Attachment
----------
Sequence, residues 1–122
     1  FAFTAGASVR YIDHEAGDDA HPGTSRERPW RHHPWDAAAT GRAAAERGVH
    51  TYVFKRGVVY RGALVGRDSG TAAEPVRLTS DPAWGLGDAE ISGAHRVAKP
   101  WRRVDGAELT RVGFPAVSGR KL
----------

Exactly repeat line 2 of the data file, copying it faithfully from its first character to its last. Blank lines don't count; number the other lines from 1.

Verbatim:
     1  FAFTAGASVR YIDHEAGDDA HPGTSRERPW RHHPWDAAAT GRAAAERGVH